Sea Dragon Dinosaur Dolphin Fossil Discovered In The UK
The largest-ever sea dragon dinosaur fossil has been discovered in the UK.
The fossilised remains were discovered at Rutland Water Nature Reserve in February 2021 by Joe Davis, conservation team leader at Leicestershire and Rutland Wildlife Trust.
The sea dragons, which are similar in shape to dolphins, have previously been known to vary in size from 3ft to 82ft (1m to 25m).
However, this ichtyosaur skeleton was revealed as being 33ft (10m) in length.
Moreover, it is anticipated as being the country’s first Temnodontosaurus trigonodon, which is a specific species of ichthyosaur.
David discovered the fossil when the lagoon’s island was drained in the area’s re-landscaping, explaining:
The find has been absolutely fascinating and a real career highlight.
It’s great to learn so much from the discovery and to think this amazing creature was once swimming in seas above us.
Now, once again, Rutland Water is a haven for wetland wildlife albeit on a smaller scale.
Upon removing the skull and its clay encasing to conserve and study the fossil, it was discovered that the 6ft (2m) skull weighed a tonne simply on its own.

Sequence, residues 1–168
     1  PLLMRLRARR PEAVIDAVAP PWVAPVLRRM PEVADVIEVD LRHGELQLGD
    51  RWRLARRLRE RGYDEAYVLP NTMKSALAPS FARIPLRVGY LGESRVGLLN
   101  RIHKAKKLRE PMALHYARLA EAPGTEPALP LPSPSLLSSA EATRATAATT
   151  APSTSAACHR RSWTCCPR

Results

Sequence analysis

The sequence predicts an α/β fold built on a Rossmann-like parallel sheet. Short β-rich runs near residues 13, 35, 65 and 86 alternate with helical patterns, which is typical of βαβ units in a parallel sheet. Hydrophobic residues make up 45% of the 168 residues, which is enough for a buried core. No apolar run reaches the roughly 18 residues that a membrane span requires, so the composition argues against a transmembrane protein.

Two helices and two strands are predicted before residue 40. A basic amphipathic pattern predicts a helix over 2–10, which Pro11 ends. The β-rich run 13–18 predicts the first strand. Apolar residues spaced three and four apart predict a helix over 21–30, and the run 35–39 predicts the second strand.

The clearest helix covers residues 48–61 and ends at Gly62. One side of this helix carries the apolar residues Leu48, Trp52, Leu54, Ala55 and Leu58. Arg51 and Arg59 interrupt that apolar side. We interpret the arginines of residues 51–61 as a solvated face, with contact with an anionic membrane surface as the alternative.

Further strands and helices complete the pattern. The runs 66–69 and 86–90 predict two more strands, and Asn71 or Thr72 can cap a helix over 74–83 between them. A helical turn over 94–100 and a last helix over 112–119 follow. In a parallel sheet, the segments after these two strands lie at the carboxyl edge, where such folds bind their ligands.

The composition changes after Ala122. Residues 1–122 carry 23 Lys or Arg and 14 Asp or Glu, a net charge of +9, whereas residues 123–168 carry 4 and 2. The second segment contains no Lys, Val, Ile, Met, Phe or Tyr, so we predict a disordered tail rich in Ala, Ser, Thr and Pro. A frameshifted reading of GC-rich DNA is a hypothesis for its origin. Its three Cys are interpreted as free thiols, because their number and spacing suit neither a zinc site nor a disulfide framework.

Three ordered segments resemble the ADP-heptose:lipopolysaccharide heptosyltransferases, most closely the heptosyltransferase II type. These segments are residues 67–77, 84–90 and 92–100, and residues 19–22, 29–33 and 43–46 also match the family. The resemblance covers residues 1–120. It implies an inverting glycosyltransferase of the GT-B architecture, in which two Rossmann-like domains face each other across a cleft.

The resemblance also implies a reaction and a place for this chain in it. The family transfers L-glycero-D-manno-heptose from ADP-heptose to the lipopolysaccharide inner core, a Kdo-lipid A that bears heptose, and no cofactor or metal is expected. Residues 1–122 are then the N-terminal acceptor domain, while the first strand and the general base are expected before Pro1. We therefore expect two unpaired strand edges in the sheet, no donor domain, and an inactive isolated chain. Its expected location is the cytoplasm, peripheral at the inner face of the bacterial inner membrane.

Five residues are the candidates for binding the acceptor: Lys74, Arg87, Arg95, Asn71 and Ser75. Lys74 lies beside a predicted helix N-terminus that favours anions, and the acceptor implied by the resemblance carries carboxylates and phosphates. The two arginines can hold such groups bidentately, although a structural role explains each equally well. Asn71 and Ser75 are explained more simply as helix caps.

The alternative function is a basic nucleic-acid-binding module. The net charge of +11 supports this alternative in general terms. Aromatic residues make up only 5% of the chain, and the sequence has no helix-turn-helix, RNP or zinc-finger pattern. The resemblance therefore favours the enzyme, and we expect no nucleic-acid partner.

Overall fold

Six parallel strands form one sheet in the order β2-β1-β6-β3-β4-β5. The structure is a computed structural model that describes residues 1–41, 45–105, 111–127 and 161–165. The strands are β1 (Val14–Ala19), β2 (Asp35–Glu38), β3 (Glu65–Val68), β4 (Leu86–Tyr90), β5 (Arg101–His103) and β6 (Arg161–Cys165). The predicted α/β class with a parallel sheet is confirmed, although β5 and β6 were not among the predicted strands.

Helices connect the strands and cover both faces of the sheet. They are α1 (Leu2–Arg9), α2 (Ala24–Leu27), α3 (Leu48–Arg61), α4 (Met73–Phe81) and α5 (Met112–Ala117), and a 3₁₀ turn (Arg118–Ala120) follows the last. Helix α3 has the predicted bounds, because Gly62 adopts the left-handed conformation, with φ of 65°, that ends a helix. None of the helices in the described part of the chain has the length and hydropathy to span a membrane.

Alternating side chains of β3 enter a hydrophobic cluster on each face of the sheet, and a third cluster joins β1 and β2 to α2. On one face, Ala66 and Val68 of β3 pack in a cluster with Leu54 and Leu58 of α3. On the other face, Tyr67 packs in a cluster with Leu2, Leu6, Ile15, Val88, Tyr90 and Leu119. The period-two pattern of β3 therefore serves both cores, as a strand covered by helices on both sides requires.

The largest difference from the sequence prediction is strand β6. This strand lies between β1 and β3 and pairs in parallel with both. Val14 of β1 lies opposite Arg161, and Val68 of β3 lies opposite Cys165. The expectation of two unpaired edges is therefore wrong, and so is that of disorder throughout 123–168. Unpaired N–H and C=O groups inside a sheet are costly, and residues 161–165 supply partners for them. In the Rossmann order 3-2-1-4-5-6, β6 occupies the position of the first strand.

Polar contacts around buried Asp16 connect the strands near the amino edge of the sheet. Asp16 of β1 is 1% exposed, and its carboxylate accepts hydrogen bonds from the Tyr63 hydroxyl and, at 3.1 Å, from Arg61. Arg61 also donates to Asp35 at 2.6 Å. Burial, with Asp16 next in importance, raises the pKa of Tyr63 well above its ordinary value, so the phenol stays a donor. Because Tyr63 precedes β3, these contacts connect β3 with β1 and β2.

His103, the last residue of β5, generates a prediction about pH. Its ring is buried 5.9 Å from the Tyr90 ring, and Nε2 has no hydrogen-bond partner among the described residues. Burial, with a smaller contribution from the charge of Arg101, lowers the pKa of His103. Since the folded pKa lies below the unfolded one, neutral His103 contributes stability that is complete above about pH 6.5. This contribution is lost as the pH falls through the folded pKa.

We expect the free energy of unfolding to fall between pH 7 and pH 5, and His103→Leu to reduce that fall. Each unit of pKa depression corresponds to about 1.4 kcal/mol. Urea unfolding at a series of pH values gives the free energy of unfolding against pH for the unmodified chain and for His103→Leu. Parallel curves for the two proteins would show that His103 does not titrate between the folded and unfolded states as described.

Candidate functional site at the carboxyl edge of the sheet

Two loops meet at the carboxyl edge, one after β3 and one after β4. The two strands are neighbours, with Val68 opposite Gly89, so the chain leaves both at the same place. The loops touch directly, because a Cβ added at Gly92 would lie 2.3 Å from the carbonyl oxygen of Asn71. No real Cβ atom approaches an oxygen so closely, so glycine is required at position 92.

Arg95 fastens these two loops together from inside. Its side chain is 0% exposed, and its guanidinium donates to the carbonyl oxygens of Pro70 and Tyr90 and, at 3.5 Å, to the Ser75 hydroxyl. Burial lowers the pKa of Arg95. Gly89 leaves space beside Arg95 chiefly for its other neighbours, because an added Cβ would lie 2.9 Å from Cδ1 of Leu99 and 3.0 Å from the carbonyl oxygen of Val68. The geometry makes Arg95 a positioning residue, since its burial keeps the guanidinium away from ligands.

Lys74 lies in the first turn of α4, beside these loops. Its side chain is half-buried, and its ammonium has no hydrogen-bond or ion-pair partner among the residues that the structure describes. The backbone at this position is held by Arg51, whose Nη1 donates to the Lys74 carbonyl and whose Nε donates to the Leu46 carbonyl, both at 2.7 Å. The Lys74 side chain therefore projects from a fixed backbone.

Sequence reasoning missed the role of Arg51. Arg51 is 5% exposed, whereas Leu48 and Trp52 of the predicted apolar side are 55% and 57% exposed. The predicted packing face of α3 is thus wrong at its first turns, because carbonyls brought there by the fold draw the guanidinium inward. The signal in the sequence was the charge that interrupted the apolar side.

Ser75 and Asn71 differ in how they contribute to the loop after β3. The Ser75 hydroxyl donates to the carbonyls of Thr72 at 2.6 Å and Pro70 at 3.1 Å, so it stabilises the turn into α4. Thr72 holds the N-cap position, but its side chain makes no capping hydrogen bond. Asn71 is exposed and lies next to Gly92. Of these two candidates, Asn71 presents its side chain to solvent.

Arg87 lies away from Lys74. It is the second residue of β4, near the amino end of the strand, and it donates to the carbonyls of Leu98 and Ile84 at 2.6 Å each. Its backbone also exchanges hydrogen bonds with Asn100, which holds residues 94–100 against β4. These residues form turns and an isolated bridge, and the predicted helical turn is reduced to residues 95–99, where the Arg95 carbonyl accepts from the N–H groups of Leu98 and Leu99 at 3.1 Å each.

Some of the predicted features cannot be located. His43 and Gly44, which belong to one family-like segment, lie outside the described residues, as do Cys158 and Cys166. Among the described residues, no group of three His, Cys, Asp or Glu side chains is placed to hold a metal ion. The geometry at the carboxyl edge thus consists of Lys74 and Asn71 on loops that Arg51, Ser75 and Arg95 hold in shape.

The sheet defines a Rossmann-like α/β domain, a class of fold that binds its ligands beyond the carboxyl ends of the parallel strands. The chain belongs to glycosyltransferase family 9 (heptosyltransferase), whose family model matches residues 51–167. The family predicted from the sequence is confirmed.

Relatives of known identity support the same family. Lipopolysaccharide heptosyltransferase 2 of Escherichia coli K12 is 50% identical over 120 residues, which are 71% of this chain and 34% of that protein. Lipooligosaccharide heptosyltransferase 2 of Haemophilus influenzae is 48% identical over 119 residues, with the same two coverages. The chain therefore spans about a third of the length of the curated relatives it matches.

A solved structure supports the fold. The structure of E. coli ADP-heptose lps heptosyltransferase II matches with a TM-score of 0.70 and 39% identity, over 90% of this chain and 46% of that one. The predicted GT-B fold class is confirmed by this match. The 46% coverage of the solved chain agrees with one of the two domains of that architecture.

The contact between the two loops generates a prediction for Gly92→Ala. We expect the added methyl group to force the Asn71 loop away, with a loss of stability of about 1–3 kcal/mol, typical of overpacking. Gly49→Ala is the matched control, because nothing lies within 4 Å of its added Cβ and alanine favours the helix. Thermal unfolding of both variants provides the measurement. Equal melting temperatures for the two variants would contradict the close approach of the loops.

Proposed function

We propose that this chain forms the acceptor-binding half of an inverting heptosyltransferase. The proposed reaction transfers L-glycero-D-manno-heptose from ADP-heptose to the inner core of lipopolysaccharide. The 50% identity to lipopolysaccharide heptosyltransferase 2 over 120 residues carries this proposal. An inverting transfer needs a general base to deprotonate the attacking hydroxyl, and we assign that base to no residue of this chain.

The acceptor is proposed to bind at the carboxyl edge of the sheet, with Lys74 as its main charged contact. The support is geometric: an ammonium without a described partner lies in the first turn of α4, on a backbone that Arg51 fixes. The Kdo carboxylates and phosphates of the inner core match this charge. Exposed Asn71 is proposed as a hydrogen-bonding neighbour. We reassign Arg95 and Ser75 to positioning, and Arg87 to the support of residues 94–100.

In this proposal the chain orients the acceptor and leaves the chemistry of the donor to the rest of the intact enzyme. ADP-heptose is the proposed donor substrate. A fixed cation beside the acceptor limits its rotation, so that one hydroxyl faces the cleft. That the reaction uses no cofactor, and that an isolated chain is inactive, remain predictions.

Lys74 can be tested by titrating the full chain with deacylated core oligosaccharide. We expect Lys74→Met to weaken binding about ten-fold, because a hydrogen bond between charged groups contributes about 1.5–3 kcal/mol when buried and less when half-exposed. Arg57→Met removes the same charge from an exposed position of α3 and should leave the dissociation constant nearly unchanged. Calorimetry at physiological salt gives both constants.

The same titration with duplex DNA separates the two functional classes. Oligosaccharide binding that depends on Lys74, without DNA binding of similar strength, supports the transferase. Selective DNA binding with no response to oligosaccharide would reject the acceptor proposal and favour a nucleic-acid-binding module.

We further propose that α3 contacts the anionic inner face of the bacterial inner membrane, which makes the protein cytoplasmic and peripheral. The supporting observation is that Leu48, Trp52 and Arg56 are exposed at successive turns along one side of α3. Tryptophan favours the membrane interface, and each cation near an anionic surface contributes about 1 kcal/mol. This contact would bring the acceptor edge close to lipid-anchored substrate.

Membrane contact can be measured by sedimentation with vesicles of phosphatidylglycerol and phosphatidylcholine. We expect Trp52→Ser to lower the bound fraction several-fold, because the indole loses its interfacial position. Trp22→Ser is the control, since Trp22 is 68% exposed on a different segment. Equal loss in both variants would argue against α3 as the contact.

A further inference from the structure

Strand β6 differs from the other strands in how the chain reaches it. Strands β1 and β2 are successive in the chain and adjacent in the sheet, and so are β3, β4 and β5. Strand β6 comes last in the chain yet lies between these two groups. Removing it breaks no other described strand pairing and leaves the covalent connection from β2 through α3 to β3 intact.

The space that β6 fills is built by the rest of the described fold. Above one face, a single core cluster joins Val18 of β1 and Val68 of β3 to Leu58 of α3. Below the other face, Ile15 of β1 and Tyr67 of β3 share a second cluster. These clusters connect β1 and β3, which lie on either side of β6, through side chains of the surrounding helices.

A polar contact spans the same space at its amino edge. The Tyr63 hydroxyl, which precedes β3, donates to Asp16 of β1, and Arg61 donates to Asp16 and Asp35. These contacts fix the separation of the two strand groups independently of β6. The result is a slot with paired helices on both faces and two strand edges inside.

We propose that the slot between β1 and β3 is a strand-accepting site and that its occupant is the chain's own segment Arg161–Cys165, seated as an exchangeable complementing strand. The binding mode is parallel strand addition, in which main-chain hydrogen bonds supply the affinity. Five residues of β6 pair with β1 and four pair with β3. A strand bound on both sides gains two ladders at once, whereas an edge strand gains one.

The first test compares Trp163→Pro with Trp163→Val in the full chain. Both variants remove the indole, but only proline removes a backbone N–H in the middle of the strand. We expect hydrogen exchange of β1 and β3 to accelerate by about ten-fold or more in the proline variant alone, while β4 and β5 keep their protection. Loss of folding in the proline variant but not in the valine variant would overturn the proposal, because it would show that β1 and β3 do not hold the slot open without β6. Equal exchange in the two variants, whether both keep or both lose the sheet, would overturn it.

Palaeontologist Dr Dean Lomax, the head of the excavation team, has studied thousands of ichthyosaurs and noted what an ‘honour’ it was to lead the process.
Lomax, who described Britain as ‘the birthplace of ichthyosaurs’, stated:
Their fossils have been unearthed here for over 200 years.
Despite the many ichthyosaur fossils found in Britain, it is remarkable to think the Rutland ichthyosaur is the largest skeleton ever found in the UK.
Lomax concluded, ‘It is a truly unprecedented discovery and one of the greatest finds in British palaeontological history.’
It is hoped that the bones will be able to be displayed and protected near to where they were located, with funding being sought by the owners of the area, Anglian Water.
Academic papers are also expected to be published around the findings, following ongoing research by palaeontologists.
If you want to see more of the fossil, you can catch it on Digging for Britain on BBC Two, which airs tomorrow, Tuesday, January 11, at 8pm. It will also be available to catch on BBC iPlayer.
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